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Marsh teems with small life
Wetland Explorer
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Photo by Pam Martin A male toe-biter, caught at the Kansas Wetlands Education Center, carries eggs deposited on its back by a female toe-biter. A member of the giant water bug family, the toe-biter is small compared to other family members that can reach 4 inches in length.

Kansas Department Wildlife, Parks and Tourism educator
The water of Cheyenne Bottoms is teeming with life, both above and below the water’s surface. Recent rains and average temperatures have provided perfect conditions for a population explosion of an amazing variety of macroinvertebrates – animals without backbones you can see with your eyes.
From water striders skating across the water’s surface to midge bloodworms in the mud, insects rule the water. There are plenty of other interesting invertebrates – crayfish, mussels, snails – to name a few but insects dominate.
As dragonflies zip above the water, sweeping midges and mosquitos from the air, their young hunt below the water’s surface, ambushing mosquito larva, other aquatic insects and even tadpoles and small fish with a special harpoon-like mouth part. When the hapless victim swims by they shoot out their lower lip, which is double-hinged and spiny on the end, snagging the prey. The “harpoon” remains folded under the naiad’s head when not in use.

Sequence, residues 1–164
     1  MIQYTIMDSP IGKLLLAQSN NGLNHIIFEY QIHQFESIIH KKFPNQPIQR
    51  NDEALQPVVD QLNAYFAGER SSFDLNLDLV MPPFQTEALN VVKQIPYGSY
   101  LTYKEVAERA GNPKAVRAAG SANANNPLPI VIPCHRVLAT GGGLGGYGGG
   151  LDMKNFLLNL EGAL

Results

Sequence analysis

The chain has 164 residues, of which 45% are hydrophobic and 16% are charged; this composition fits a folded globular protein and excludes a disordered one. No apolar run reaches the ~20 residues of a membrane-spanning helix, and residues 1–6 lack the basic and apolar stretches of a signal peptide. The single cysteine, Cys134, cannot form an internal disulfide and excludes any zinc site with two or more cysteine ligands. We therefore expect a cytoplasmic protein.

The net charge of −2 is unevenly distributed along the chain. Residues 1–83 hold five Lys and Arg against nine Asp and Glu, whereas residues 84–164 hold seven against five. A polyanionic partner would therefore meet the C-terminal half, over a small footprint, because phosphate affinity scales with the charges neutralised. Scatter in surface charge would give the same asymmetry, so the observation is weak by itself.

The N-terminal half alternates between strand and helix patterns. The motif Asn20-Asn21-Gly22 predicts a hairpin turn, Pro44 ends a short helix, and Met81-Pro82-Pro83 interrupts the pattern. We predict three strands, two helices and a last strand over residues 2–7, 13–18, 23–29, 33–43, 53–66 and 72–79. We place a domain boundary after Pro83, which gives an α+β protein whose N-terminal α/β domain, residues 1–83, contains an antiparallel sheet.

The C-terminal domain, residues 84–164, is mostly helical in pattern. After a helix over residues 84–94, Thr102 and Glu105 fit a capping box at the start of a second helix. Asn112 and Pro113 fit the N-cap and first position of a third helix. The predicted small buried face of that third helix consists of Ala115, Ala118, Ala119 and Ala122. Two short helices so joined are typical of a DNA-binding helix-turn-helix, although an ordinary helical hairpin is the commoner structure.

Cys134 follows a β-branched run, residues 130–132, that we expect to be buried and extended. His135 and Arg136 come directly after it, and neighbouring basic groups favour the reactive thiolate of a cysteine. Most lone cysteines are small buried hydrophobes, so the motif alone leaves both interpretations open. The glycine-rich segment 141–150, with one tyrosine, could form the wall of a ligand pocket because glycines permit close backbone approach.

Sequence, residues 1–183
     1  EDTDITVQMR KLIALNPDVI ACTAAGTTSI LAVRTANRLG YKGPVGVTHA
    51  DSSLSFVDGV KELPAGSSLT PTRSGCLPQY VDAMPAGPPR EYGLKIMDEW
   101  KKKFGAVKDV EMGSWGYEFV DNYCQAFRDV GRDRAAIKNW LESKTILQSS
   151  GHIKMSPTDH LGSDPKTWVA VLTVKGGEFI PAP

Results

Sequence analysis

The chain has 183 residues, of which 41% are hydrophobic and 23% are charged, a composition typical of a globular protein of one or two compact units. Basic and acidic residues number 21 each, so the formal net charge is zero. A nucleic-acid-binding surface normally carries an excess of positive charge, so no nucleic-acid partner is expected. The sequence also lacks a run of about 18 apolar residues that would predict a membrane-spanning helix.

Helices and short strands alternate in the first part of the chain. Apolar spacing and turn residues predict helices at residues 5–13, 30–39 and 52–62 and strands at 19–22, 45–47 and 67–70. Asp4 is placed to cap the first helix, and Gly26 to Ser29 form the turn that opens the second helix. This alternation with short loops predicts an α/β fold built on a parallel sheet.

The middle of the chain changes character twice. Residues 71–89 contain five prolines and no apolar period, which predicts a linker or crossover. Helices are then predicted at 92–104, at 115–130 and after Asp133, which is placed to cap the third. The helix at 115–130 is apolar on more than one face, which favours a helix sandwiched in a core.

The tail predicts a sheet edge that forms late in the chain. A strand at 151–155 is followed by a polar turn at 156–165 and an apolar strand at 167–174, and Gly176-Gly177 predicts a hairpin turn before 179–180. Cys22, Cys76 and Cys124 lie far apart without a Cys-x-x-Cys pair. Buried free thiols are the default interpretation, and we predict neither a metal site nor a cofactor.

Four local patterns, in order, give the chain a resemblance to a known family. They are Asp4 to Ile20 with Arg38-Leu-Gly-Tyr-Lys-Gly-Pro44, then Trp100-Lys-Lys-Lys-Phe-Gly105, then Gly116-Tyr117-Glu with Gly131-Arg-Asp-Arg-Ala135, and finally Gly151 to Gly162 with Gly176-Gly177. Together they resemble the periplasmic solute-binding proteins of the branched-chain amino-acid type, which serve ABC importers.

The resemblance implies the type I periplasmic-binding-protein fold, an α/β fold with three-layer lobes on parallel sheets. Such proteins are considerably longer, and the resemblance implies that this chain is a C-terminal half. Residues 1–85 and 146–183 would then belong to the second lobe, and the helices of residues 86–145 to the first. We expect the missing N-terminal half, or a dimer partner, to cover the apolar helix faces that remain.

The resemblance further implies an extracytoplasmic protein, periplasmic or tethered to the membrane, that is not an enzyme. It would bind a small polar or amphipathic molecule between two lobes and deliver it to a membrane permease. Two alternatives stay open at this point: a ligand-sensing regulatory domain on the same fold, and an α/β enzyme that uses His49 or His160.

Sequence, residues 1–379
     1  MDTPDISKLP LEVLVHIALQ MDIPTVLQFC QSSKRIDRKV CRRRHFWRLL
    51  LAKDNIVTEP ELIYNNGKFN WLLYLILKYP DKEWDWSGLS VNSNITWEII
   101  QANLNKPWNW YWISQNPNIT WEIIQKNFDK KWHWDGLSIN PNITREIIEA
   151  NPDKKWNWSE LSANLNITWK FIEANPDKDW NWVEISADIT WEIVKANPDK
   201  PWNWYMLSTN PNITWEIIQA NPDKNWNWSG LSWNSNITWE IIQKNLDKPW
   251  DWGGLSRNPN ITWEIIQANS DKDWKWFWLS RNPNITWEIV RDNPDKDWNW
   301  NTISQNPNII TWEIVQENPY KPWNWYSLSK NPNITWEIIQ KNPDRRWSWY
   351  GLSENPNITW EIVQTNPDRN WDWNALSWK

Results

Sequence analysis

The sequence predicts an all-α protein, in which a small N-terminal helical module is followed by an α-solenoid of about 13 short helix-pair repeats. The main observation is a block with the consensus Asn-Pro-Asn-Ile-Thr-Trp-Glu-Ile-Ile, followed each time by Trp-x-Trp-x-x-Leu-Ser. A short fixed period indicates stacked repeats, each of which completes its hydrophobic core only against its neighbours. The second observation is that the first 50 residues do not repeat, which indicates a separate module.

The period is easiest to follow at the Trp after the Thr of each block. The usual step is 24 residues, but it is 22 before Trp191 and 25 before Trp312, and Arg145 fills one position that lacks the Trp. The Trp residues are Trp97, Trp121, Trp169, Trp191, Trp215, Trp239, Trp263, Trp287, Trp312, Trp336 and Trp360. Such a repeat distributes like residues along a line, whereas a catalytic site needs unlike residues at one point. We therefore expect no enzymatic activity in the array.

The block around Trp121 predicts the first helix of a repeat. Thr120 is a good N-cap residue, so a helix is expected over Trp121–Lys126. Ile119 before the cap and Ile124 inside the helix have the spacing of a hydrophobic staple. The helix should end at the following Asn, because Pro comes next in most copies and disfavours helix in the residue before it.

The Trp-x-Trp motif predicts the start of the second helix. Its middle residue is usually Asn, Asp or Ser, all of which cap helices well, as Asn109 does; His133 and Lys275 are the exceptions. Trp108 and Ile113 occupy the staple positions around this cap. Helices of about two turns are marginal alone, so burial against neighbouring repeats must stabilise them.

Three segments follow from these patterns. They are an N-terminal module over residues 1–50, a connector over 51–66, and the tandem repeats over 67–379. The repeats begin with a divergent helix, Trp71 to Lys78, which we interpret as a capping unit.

Another aquatic predator, the toe-biter, has an interesting way to protect its eggs. The female deposits her eggs on the male’s back. Under magnification, the eggs look like lines of grapes. The male protects the eggs from predators and takes them to the water’s surface for oxygen. He also moves the water around his body, keeping the eggs oxygenated.
A member of the giant water bug family, the toe-biter can give a good nip and feeds on other insects in the water. They also play dead when threatened.
Aquatic invertebrates utilize several strategies to obtain oxygen. Some use gills, such as dragonfly and damselfly naiads, others visit the surface and trap air bubbles for use underwater. A weaker, smaller version of dragonflies, delicate damselfly naiads, sport three feathery gills at the end of their bodies or abdomens.
Whirligig beetles, those shiny black beetles that spin around the water’s surface, carry an air bubble located on the end of their abdomen. They stay under water for long periods, returning to the surface for another bubble and to scavenge dead insects. Truly adapted for aquatic living, whirligig’s have two pair of eyes located to see above and below the water’s surface.
Still another aquatic insect, the midge bloodworm, stores oxygen in a hemoglobin-like substance. Hence the name bloodworm, due to the similarity to our blood and the larva’s blood-red color.
These are just a few of my favorite aquatic macro-invertebrates. There are many more, each with an interesting behavior. Grab a can of insect repellant to ward off the mosquitos and spend some time watching the macroscopic world of aquatic insects. All you need is a small bucket or tray filled with marsh water, a dipper and/or a small fish net. The numbers are so great all you need do is dip into or swipe through into the water and you’ll have some critters to watch. After you’re done observing, just return them to the water.